You have no will. Do you need to get a will done? Or wait until you have some money?
A good question, and one I get asked all the time …
Most people don’t like doing wills. Very simply, it’s because they have to think about death. And a lot of people don’t like doing that. The fear of death is one of the biggest fears we have as human beings. Death scares the crap out of many of us.
So we either avoid doing a will, or we do it on the cheap. And don’t end up with a proper result.
So should you get a Will done?
In my view, yes. Unless have absolutely no money at all, or don’t care one little bit what happens after you die, and you have nobody who you care about or depends on you, then you need to get a will done.
In fact, too often, the biggest problems that lawyers have to solve are poorly planned estates.
Let’s take two case studies.
CASE STUDY 1
This involves one of the saddest stories I saw. A 65 woman who came to see me. Her husband had died, leaving only one asset, being the family home. It was owned in his name, and it was debt-free. They had no children. But he had never done a will. I was the bearer of bad news, telling her that she wouldn’t get the home outright. 25% of the house had to go to his two brothers, whom her husband had not spoken to for 25 years. Because she was a pensioner and couldn’t get a loan, she had to sell the house.
CASE STUDY 2
Let’s take a hypothetical. Assume that Sandra and Eric have 3 children. Sandra dies without a will, leaving Eric with the 3 children. They don’t have a lot of assets, only $50,000 in cash, in Sandra’s name, and they rent their house. Shortly after, Eric gets very sick, and he wants to use all of his cash to pay for his treatment. He cannot use all the cash, because under the law, some of Sandra’s assets (the cash) goes to Eric, and some have to be held in trust for the children.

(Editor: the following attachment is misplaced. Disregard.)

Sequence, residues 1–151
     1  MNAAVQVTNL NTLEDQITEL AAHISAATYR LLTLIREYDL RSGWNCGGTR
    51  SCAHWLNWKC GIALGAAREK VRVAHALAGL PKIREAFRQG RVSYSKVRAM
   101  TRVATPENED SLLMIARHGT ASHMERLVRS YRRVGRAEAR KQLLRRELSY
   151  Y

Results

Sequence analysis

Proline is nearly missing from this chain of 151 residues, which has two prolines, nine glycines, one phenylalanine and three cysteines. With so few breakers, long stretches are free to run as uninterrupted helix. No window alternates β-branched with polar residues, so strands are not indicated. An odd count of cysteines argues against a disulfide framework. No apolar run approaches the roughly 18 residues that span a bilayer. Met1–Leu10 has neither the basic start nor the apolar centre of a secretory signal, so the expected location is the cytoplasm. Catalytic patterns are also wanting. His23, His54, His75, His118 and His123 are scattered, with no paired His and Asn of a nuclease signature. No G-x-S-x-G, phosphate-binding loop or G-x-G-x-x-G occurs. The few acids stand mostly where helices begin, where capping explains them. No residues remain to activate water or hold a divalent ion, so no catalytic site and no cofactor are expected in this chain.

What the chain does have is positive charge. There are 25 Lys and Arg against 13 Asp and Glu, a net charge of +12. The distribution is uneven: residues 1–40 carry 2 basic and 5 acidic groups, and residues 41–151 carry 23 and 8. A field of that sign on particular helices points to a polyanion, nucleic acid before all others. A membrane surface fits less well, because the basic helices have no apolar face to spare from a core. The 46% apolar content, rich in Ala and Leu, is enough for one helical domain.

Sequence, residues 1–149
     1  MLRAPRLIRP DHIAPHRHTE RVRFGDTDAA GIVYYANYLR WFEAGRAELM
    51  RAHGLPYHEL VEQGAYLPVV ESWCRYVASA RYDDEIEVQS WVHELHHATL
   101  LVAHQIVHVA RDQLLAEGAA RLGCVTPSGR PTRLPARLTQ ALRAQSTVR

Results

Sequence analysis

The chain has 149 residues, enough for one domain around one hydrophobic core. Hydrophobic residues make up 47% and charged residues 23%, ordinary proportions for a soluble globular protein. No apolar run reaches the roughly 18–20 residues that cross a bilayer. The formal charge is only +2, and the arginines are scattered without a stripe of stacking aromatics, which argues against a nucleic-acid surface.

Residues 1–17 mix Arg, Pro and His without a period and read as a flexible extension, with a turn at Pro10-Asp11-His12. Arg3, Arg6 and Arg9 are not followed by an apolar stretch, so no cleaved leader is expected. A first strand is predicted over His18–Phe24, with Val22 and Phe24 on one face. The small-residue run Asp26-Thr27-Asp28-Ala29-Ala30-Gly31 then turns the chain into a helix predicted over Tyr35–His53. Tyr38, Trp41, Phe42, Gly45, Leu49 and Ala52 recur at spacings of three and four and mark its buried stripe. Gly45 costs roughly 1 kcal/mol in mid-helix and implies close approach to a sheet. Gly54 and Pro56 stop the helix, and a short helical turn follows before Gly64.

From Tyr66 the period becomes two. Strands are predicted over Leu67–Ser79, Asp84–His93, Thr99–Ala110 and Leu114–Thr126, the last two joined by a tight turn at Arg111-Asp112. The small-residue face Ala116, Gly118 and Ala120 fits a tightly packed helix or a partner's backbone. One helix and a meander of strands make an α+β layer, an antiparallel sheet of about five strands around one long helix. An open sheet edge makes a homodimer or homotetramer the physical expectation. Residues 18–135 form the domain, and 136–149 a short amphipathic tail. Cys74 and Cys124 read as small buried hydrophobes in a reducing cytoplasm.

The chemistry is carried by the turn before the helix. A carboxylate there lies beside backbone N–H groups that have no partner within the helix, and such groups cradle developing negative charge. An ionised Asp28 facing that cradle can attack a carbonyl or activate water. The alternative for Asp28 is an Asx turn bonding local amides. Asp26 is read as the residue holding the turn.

So the consequences are awful for not getting a proper will.
Will it cost much?
That depends. If you get a 3 generational testamentary trust will or a will with a lawyer who specializes in estate planning, you’ll be looking at $1,500 up to $5,000.
But there are cheaper options.
You can go to the Post Office Office and pay $25 or so for a DIY will kit. Although it isn’t the greatest will on the planet, at least it’s better than no will at all.
Or you can go to a lawyer and get what is called a simple will. This costs between $200 to $1,000 as a rule, depending on the lawyer (it can be more if it gets too complex). These are very basic, and they’re not going to shake or turn the world upside down. But the right people should end up with your assets (now that said, simple will don’t protect against will challenge, so if that is a risk or concern of yours, you need to look at3 generational testamentary trust wills. Click here for more information on 3 generational testamentary trust wills.)
But you get what you pay for. And I know I’m saying the obvious, but cheap isn’t always the best. Buying a cheap car can cost more in repairs in the long term. Or cheap clothes can fade in less than a month (as I found out in Bali years ago!).
What do I do if I want more information?
You can contact your local lawyer. Or you can speak to us at Wealth Safe.
At Wealth Safe, we’re here to help you with all your asset protection, tax planning, business structuring, and superannuation needs. We work with you to find the best strategy to keep your assets safe, slash your tax 100% legally, and put more money in your pocket.
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